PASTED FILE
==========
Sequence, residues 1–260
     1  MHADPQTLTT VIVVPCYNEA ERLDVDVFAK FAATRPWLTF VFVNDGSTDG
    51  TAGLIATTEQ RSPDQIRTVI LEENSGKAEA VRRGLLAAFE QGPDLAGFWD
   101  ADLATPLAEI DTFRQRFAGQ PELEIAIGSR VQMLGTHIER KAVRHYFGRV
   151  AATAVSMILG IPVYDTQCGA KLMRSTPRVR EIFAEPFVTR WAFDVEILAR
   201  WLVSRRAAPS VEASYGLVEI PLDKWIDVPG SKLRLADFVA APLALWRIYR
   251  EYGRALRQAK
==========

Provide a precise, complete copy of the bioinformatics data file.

Sequence, residues 1–260
     1  MHADPQTLTT VIVVPCYNEA ERLDVDVFAK FAATRPWLTF VFVNDGSTDG
    51  TAGLIATTEQ RSPDQIRTVI LEENSGKAEA VRRGLLAAFE QGPDLAGFWD
   101  ADLATPLAEI DTFRQRFAGQ PELEIAIGSR VQMLGTHIER KAVRHYFGRV
   151  AATAVSMILG IPVYDTQCGA KLMRSTPRVR EIFAEPFVTR WAFDVEILAR
   201  WLVSRRAAPS VEASYGLVEI PLDKWIDVPG SKLRLADFVA APLALWRIYR
   251  EYGRALRQAK